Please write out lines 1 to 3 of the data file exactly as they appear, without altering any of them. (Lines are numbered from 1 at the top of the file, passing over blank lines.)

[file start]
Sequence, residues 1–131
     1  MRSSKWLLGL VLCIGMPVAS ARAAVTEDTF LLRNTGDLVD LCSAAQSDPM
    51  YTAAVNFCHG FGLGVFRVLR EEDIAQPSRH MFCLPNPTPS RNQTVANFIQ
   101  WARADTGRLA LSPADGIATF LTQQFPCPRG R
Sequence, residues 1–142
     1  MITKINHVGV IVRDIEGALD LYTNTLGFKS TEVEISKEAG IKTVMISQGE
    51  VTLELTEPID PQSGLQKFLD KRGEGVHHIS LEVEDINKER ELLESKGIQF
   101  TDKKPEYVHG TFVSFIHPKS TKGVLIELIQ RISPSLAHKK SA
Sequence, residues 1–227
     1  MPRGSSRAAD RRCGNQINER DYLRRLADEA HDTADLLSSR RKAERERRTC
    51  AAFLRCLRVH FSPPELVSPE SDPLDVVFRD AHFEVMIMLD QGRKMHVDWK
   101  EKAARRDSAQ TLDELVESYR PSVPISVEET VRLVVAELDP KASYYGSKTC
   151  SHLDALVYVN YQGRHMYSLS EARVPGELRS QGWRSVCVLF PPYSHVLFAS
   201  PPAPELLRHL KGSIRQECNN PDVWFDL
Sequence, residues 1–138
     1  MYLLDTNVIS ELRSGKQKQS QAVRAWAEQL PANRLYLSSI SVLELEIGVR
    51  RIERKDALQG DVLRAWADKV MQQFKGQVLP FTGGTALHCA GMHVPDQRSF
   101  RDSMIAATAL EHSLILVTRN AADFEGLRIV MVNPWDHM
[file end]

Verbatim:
Sequence, residues 1–131
     1  MRSSKWLLGL VLCIGMPVAS ARAAVTEDTF LLRNTGDLVD LCSAAQSDPM
    51  YTAAVNFCHG FGLGVFRVLR EEDIAQPSRH MFCLPNPTPS RNQTVANFIQ